Stay warm (the wood heater is rocking along here), and parsley is a winter plant here, although the flat leaved Italian variety prefers the warmer weather.

    Cheers

    Chris

  13. Hi Damo,

    Not saying that you earned the Gold Elephant Stamp of recognition for getting my little joke, but mate you freakin’ nailed it and now own that beast of a title! Well done you. πŸ˜‰ Twas an album that stood out among the lesser offerings of the time.

    Thanks about the fern gully and in previous years I’d planted out tree ferns, but this year changed tack (a salty sea dog term chucked in for good measure) and planted out a large number of the local ferns. Sometimes ya have to go with what works…

    I hear you about that. And the editor likewise has sympathy for your point of view. But mate, as an essential service I have been dragged hither and yon over the past six weeks or so. Never before have folks worked so hard for so little return! Mate, the whole point of the exercise I believe is an epic bad hangover case of demand destruction. I’m yet to hear a story that fits the circumstances as well, but you know if that happens I’ll be only too happy to admit that I was wrong (and secretly I’d like to be wrong in this matter).

    Anyway if it means anything to you, the traffic in Melbourne is much lighter than it once was only recently.

    Good luck and hang on to your hat!

    Chris

  14. Hi Lewis,

    Firstly I’d like to say that it is mildly uncanny that the NY Times reported on a subject that we were theorising about only just recently. For sure we were there first, but it matters little to me. The cheeky scamps made me sign in using a Gaogle account in order to read the article and then they tried to shake me down for mad cash. We’re not friends the NY thing and me. The article was good though, and I can see why folks in those days would turn their backs on extremes of behaviour and then in that reaction they flew to the other end of the story and ignored the technology of the written word. You can’t blame them for thinking that.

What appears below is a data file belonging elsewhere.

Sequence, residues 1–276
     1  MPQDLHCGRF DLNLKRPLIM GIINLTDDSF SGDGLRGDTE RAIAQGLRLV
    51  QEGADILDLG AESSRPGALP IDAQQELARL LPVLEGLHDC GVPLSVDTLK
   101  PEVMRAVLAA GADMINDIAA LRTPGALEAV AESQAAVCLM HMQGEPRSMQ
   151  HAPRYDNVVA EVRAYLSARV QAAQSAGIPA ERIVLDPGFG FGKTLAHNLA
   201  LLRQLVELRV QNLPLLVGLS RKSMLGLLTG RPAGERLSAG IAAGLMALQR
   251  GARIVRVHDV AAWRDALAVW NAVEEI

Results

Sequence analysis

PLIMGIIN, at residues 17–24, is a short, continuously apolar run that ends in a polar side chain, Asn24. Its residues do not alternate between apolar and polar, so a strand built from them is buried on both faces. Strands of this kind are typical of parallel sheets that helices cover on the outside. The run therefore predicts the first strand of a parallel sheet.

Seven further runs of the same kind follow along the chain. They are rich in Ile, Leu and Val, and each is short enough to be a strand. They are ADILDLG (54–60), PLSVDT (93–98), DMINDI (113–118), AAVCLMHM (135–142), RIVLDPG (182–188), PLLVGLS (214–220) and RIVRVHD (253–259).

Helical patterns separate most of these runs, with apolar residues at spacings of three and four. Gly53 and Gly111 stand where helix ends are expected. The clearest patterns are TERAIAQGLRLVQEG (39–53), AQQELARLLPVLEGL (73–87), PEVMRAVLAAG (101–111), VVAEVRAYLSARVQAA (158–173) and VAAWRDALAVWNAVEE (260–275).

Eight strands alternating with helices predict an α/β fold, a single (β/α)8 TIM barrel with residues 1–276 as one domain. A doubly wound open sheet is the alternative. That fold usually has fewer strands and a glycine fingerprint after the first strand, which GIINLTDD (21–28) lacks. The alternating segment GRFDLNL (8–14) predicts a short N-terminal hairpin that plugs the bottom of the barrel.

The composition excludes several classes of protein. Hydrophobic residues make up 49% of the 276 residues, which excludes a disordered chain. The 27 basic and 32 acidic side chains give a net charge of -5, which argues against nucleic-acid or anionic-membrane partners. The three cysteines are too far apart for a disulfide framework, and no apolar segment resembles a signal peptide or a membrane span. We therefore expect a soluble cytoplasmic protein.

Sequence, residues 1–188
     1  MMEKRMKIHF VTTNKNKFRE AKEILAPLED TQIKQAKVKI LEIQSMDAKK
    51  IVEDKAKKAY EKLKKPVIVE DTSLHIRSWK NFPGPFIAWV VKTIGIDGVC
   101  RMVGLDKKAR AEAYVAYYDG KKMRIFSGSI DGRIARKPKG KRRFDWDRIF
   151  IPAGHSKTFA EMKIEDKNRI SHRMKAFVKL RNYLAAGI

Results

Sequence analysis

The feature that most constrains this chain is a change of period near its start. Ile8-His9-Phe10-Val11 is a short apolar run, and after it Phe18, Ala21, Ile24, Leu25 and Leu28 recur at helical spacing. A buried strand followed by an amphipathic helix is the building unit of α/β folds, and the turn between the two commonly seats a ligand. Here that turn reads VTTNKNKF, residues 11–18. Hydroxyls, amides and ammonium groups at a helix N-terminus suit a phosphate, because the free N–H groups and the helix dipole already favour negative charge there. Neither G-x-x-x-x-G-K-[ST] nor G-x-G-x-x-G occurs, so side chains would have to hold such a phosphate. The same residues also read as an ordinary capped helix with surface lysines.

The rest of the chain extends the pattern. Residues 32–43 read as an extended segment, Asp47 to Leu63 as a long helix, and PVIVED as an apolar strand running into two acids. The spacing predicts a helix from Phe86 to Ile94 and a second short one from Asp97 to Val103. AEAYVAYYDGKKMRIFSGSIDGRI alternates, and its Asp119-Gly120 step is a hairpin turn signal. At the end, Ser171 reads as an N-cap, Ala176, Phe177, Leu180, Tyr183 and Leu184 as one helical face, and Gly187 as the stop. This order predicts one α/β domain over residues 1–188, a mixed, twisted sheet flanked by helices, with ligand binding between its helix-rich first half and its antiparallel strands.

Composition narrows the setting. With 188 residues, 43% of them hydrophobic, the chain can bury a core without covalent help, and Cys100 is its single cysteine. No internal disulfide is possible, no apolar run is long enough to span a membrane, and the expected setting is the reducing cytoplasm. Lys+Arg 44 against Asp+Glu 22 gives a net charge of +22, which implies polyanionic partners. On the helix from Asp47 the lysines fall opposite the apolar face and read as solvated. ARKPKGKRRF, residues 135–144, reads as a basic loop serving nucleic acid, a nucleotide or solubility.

Hey you may laugh and scoff, but it almost was a medical situation as I genuinely felt rather ill. The editor is made of hardier stuff again, but I may have suffered from the heaviest salted chips (we’ll never know). Anyway, after the dust had settled and I’d persevered through the gourmet burger we discussed whether it would be impolite to enjoy the gourmet burger whilst the other was ill. I’m sure that civilisations have turned on such important questions. But for the salt the King fell from his horse…

    I’ve heard those mothers day stories and they’re meant to pluck at the heart strings. I don’t say that as a criticism but more as an observation that restrictions were lifted after mothers day and not beforehand. Perhaps I am cynical – it is possible. However, people actually do need to buck up right now. I’m not really sure but it feels like the next few months are a transition time to a new state – and who knows what that may be.

    πŸ™‚ It is really lovely that Eleanor’s family are rallying around her. And HRH being of an intelligent species, well she knows. Squeak! Squeak!

    Such things happen with the widow maker. There is a famous photo of a bloke only moments before a salt water crocodile got him. And in the photo the guy is oblivious as to his demise. Life is a bit like that.

    Hey, I spotted this article I thought you might enjoy. It involves historical hermits: Victorian man ‘Crayfish Dan’ spent 40 years living in a coastal cave near Warrnambool. That’s a town along the coast that is about four maybe five hours to the south west of here.

    Thank you and I hope that the gnome is appeased by the additional ferns. Probably not though…

    Nope, the medicinal herbs are: Balm of Gilead, Feverfew and Californian Poppy. Alas there are no Californian Poppies in blue as they would look really cool. And it is amazing that the Alpine Heath can rip a chunk out of the bark of the tree. The bark is very rough and thick, but plants have time.

    Mr Kunstler’s post today is awesome, and the essay well suits the times. I can’t fault his logic, although I’d wish that I could. Speaking of which, the editor and I had a long and free wheeling discussion yesterday about oil, debt and history. From some perspectives it’s a rough story, but you know, people knew about this stuff in the early 70’s, they just pretended otherwise. I can’t say for sure why that happened, but the story makes for unpleasant hearing. But then here we all are today.

    Hehe! Actually once we knew the possum was hiding in the entrance to the bin (it was a small entrance) we watched whilst the possum rejected our waste as being not worthy of its time! The cheeky scamp had carved out a new niche. Our lot are herbivores and they’re quite timid, although when they fight at night the screams sound like the very felines of hell. I’d like to believe that I was tougher than the possum on a salty food front, but yeah possibly I’m just deluding myself! πŸ™‚